Managing Trading Costs While Applying the Triple-Play Income Strategy

by: Marc Gerstein

Many readers liked the Triple-Play Income Strategy I developed using StockScreen123 and presented on Seeking Alpha (click here for the most recent article). But one commenter raised a very important point: trading costs.

While this is always an important consideration, it’s especially so for income investors. If such outlays amount to, say, 2% per year, many equity investors can look beyond that using a line of reasoning to the effect that overall portfolio capital gain potential is sufficiently great to make it worthwhile. For income investors, expected annual returns, while still not precise, are a lot more visible making them more sensitive to pretty much any commission burden.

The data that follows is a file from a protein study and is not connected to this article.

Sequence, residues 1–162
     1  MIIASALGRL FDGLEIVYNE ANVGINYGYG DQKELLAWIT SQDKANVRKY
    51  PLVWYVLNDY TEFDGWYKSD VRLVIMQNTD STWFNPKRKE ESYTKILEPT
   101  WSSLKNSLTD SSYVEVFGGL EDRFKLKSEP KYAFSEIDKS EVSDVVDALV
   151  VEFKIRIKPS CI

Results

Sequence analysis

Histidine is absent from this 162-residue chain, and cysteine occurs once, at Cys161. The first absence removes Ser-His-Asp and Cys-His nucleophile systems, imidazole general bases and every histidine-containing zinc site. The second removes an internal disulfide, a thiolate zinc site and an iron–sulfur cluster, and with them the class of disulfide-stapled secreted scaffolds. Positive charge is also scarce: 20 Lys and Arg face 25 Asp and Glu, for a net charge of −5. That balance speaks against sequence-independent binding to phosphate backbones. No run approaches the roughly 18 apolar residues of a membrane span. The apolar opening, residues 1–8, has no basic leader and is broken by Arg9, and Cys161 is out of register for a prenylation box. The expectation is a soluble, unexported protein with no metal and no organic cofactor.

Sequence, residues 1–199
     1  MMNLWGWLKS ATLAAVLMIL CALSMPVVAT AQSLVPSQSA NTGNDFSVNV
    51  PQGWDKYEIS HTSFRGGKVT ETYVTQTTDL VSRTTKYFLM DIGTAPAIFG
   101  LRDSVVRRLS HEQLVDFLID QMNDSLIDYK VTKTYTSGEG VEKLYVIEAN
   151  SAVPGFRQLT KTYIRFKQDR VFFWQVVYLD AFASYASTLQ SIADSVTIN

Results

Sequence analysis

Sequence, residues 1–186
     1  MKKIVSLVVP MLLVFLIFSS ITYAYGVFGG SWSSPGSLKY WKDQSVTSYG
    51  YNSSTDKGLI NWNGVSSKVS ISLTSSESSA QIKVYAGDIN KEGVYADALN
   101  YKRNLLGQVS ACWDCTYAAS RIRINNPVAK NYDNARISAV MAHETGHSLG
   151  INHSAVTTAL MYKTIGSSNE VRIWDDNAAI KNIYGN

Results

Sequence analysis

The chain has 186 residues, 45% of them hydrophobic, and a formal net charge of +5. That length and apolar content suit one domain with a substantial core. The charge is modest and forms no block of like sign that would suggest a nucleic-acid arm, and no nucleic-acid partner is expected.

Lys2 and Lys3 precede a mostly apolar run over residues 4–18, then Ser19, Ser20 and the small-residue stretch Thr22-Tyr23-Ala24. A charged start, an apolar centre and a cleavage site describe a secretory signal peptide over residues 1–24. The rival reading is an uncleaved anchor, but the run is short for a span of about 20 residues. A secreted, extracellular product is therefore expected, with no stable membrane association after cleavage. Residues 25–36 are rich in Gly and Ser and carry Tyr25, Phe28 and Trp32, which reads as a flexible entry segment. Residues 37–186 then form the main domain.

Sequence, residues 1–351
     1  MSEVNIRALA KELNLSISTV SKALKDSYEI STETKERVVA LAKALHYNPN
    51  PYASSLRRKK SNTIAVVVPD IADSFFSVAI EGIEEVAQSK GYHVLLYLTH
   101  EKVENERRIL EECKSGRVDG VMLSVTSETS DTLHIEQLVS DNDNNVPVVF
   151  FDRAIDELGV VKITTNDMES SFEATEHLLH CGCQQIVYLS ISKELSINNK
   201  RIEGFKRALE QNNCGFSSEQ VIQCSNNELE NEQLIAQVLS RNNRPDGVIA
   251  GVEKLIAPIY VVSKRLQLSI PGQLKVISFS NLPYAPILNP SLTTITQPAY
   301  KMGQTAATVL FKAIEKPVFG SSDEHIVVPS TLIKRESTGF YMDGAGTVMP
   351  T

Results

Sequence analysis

As a refresher, Triple-Play refers to three components that make up a full-fledged income strategy. These reflect three general approaches to income-stock selection.

  1. The Core portfolio is one that aims to achieve a yield at or near an “ideal” level determined by market conditions which, based on where we stand today, is in the neighborhood of is about 6.5%. That’s a general target, not a specific rule (as we’ll see below, this week’s list comes in lower). If reality matches theory, a portfolio of such stocks should produce capital gains or losses averaging close to zero. As it turns out, real-world performance has often been better owing to market inefficiencies.